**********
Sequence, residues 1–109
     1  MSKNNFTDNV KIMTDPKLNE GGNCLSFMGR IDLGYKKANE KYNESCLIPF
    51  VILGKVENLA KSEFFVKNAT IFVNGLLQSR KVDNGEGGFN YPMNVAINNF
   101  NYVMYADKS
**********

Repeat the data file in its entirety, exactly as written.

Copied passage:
Sequence, residues 1–109
     1  MSKNNFTDNV KIMTDPKLNE GGNCLSFMGR IDLGYKKANE KYNESCLIPF
    51  VILGKVENLA KSEFFVKNAT IFVNGLLQSR KVDNGEGGFN YPMNVAINNF
   101  NYVMYADKS